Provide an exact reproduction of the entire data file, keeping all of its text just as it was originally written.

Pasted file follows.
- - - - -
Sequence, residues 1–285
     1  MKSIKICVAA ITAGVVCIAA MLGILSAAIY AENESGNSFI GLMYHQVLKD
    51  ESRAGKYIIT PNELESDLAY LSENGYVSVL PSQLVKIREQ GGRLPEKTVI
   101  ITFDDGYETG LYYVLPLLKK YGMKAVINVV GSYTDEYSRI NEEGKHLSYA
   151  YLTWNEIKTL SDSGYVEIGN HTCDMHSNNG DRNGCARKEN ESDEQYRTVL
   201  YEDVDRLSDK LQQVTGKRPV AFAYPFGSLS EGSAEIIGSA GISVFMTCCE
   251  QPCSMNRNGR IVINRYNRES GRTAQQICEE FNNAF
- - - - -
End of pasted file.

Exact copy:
Sequence, residues 1–285
     1  MKSIKICVAA ITAGVVCIAA MLGILSAAIY AENESGNSFI GLMYHQVLKD
    51  ESRAGKYIIT PNELESDLAY LSENGYVSVL PSQLVKIREQ GGRLPEKTVI
   101  ITFDDGYETG LYYVLPLLKK YGMKAVINVV GSYTDEYSRI NEEGKHLSYA
   151  YLTWNEIKTL SDSGYVEIGN HTCDMHSNNG DRNGCARKEN ESDEQYRTVL
   201  YEDVDRLSDK LQQVTGKRPV AFAYPFGSLS EGSAEIIGSA GISVFMTCCE
   251  QPCSMNRNGR IVINRYNRES GRTAQQICEE FNNAF